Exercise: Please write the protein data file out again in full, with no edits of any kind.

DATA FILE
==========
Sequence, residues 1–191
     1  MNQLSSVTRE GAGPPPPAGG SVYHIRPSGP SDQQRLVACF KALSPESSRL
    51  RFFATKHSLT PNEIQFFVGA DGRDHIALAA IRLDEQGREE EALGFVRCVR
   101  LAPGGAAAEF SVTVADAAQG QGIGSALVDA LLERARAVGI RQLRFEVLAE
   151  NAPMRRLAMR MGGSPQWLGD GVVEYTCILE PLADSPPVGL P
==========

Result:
Sequence, residues 1–191
     1  MNQLSSVTRE GAGPPPPAGG SVYHIRPSGP SDQQRLVACF KALSPESSRL
    51  RFFATKHSLT PNEIQFFVGA DGRDHIALAA IRLDEQGREE EALGFVRCVR
   101  LAPGGAAAEF SVTVADAAQG QGIGSALVDA LLERARAVGI RQLRFEVLAE
   151  NAPMRRLAMR MGGSPQWLGD GVVEYTCILE PLADSPPVGL P